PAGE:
To make the first step towards doing something well, you may have to figure out how to not do it badly. Documenting APIs has a low enough bar that this already results in better-than-average documentation. By understanding the following mistakes, you can save yourself a lot of time.
1. Trying to generate all of the documentation from code
Programmers like to focus on code as the single source of truth, because its structure and testability makes it easier to maintain than documentation. In doing so, they make the mistake of imagining that they can express the information that documentation requires in code. That doesn’t work.
API documentation must explain what you will achieve by using the API, how that contributes to its users’ goals, and what benefits they will gain. While code describes precisely what an API does, it cannot explain why.
2. Mistaking an API client library for documentation
In practice, a client library provides yet another API, that requires as much documentation as what it attempts to hide. It also typically fails to hide every detail of HTTP, inflicting a leaky abstraction and the worst of both worlds on its users. Moreover, this approach creates demand for supporting more programming languages, requiring yet more documentation, maintenance and support.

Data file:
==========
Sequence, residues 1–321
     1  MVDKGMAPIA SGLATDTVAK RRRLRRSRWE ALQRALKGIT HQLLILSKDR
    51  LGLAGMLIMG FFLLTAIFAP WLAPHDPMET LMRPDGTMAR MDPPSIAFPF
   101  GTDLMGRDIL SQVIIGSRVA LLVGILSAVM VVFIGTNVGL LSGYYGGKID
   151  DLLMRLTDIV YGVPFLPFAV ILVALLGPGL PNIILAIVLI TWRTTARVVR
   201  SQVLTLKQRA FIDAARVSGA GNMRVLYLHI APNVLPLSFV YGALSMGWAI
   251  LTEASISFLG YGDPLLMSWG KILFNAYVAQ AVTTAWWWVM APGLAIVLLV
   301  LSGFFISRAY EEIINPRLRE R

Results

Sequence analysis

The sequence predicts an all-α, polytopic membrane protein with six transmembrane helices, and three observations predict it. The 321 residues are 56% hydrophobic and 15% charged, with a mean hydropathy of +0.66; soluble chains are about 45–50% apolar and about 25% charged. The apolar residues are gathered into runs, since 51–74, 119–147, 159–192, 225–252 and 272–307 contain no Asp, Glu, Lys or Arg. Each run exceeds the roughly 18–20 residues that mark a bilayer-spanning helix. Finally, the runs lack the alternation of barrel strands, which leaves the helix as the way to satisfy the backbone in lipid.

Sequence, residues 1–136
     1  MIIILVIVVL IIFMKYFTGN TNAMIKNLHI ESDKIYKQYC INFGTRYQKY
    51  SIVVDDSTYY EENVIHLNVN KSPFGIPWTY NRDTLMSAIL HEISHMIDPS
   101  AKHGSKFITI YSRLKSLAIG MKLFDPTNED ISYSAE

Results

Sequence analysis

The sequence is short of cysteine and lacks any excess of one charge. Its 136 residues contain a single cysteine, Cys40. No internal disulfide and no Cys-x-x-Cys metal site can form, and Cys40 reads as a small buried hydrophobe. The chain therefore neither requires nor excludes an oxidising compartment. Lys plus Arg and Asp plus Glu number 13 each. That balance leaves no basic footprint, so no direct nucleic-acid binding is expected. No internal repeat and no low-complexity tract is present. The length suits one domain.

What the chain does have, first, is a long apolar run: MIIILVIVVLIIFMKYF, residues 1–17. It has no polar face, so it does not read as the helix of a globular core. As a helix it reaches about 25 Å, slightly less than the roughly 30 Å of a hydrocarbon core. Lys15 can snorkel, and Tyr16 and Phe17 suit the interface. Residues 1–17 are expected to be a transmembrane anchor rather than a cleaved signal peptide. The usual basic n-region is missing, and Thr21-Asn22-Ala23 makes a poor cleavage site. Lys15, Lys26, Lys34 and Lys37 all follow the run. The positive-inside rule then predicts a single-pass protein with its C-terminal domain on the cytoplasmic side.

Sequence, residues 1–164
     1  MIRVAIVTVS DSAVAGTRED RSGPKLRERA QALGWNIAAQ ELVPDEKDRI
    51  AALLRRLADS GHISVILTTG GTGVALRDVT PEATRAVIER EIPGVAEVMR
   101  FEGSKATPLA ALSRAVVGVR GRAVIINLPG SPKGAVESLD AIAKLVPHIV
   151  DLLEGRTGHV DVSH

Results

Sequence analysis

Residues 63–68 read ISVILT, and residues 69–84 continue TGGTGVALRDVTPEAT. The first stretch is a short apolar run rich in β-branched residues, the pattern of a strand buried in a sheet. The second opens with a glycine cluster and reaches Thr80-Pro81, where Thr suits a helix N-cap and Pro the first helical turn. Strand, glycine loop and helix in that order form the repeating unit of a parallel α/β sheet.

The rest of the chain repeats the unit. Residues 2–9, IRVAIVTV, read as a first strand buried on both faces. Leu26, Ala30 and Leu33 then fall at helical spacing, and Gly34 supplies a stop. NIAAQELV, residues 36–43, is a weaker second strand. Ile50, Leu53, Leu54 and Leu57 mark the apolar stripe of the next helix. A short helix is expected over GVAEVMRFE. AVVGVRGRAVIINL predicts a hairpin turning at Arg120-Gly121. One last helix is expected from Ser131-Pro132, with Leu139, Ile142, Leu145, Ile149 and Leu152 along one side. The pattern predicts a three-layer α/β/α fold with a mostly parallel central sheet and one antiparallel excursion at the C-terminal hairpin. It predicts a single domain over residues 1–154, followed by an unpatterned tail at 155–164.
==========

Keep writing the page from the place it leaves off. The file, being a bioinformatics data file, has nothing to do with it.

3. Documenting implementation instead of design
Misconception #3. The task at hand is documentation of the implementation
‘We need to document what we just built so that it is easy to use.’
In theory, the actual software interface matches the API by definition. In reality, useful APIs simplify how software behaves, and exclude some details of its actual behaviour, such as its bugs. These differences cause problems when the software and its API change: when they disagree, the design describes the API’s intent, not its implementation.
4. Documenting a deconstructed HTTP API
Writing HTTP API documentation typically splits the API into a deeply-nested hierarchy of URLs, paths, methods and parameters. Deconstructed HTTP API documentation explains how software developers’ container fetishes prioritise maintenance effort over usefulness, and damage API documentation usability.
5. Leaving out the data dictionary
API documentation that describes valid HTTP requests, without explaining what the data means, resembles a phrase book that describes pronunciation without translations: you can use it to make syntactically correct requests, but you’ll end up asking the waiter for more soup when you want to pay the bill.
API documentation sometimes fails to reach the necessary depth, documenting URLs and HTTP methods without explaining what the data means. API users need a data dictionary for the data model serialised in request and response bodies. The Spotify API object model provides a nice example: I know what album means, but I don’t know whether an artist wants to have a popularity score of 10.